Mental health blogging has taken off since then. There are many more blogs now, and many more blogs out there that are better than mine. It’s fantastic to see a whole generation of people with mental health issues speaking out- honestly, openly and, to be honest, rather fascinatingly. They’re windows into the rooms of places whose doors are locked. You don’t have to a great writer to start a blog. You don’t even have to be a good one. It doesn’t have to be for anyone but yourself if you don’t want it to be. But I have found immense value in writing here. I’ve tried to pull away, many times, but this is my blogging home. It feels comfy. And, despite some arsehole trolls over the years, it feels safe. It’s one of the reasons I’ve kept it almost exclusively about mental health, as it’s my safe place to talk about it. It isn’t this clanging anchor I drop into conversations here; it’s the purpose. It’s full of scattercushions and dogmarked photographs, of scrappy recollections and half-forgottens-then-found. I love seeing familiar names pop up in the comments, and new names, too. I like that I might have had a hand in popularising, “mentally interesting” and, “mentalist”, as they’re both delightful words. The latter in particular has been reclaimed by the blogging world.

If you’re looking for my first posts, you won’t find them, as I made about 500 posts here private when I was looking for work. And really, would you want everybody to read what you wrote on the internet when you were 21? But I will return them to their published form. Although I’m a wee bit scundered (Norn Irish for embarrassed and the name of my never-to-be-published autobiography) by some of it, I’m not ashamed of any of it.

I was a baby when I started this blog. 21 years old with the life experience of a fifty year old but with the emotional maturity of a 15 year old. I had just weathered the duel storms of my father’s death and the hospitalisation that led to my diagnosis and the seven year long (so far) wrestling with treatment and the mental health system. The tagline of this blog used to be, “Navigating the labyrinth of NHS mental health services”, which I found my way out of in 2011. I, like a lot of people my age, have grown up online. I’ve kept journals since I was 12, and for me, the internet is partly an extension of that need to record. I kept my teenage diaries in fitful loneliness, longing to share my thoughts with something else other than paper. Which probably accounts for why I have the tendency to overshare a little! But I love being able to find a date and look back. My memory is legendarily awful and here is my six years of dropping stones to see which path I took, and how.

A lot has changed. I’m 27 now, but I feel as though I’ve aged another decade to that. Within the past four years particularly I have changed a lot. My life is fairly unrecognisable to how it was; I am still the same person I’ve always been (as evidenced by my dress sense failing to evolve from the one of my 14 year old self), but a quieter one. I sometimes miss the whirling dervish I was, but it’s still there. Emotionally, I’m a grown up now. I used to fear that mortally, but now I have no nostalgia for my past self in that sense.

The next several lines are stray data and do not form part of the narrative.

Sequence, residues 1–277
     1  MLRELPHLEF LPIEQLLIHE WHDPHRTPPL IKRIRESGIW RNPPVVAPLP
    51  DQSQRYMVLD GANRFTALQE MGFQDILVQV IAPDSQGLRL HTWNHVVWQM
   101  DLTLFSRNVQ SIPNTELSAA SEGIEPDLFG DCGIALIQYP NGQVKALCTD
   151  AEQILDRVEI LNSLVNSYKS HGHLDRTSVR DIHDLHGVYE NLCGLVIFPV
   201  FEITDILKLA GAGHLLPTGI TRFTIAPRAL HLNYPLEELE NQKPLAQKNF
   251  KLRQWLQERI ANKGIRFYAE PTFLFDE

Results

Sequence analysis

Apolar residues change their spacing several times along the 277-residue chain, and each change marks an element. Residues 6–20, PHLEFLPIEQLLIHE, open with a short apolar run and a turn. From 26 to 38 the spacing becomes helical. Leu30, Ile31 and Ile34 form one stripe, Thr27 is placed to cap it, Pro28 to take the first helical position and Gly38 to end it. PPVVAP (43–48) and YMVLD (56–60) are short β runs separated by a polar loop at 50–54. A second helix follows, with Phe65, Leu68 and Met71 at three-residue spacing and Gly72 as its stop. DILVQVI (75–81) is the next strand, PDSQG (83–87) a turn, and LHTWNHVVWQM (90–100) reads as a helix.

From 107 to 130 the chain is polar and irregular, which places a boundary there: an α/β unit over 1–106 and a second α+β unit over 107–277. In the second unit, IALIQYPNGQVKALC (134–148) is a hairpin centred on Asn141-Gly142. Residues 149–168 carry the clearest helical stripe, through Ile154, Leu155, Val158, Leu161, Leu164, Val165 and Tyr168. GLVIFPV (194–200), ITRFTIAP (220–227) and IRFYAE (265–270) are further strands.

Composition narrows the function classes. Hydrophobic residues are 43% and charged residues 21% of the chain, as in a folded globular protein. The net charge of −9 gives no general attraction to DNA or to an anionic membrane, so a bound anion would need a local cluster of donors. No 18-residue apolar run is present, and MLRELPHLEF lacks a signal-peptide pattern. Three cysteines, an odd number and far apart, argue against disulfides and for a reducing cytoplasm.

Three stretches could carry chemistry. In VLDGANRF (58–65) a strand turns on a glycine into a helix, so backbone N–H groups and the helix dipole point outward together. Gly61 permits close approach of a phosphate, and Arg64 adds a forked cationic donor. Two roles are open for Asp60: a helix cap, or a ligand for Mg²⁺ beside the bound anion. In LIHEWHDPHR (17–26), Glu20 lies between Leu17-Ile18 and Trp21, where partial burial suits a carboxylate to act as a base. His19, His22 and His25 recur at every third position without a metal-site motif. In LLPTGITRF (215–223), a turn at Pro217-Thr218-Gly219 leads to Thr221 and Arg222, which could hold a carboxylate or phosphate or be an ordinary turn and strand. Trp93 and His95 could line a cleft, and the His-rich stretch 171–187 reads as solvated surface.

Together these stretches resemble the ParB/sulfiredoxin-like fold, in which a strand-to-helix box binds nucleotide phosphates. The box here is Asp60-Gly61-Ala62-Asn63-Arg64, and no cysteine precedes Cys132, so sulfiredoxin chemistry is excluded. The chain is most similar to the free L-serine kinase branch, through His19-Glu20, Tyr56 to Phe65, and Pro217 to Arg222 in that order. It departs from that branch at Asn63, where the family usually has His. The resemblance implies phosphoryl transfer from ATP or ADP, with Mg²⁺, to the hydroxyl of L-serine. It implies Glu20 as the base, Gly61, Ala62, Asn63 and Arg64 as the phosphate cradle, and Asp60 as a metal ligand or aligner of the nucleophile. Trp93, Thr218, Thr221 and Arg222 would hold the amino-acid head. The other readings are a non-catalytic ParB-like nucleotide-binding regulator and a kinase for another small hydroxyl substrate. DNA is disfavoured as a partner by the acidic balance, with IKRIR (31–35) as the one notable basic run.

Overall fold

I’m married, to someone I absolutely did not expect to be, I am, for the most part, ten times healthier than I was when I started this blog (and ten times fatter, alas!) I’m still messy and mental, but I prefer the person I am now to the person I was then. I always feared growing older, but didn’t anticipate the hugging hum of peace and confidence that comes with it. When I look back, there are so many times I was on the precipice of disaster, and I am thankful I never took that step and let life unfold. When I look back, there is more happiness than I imagined I would have.

Life hasn’t turned out as I expected it to, and there have been a few opportunities I have let slip through my fingers. I need to write more and work harder at that, and to do more with my life in general. I enjoy the standing still sometimes, though, the intake of breath before the drop.

So, a lot has changed! But I’m still here! I couldn’t have said, with any confidence, that I still would be 6 years later. Hooray and tough luck!

And a massive, huge thank you to everybody who has stuck by me all this time. You’re all so very soft and sexy. I hope that some who have come here in grief have found peace, and those who have come for help have found it. Much love, and if I’m still blogging here in six years, please, pull me off the internet, drive me to the countryside and abandon me in the woods to frolic with cartoon deers.


Hyperbole and a Half: Depression Part Two

Allie disappeared after Depression part 1. 19 months later, she’s thankfully reappeared with this.

It’s the most accurate thing I’ve ever read / seen about depression.  I want to print it out and hand it to those close to me, for the times when I don’t have words. 

And it’s funny.  Go read!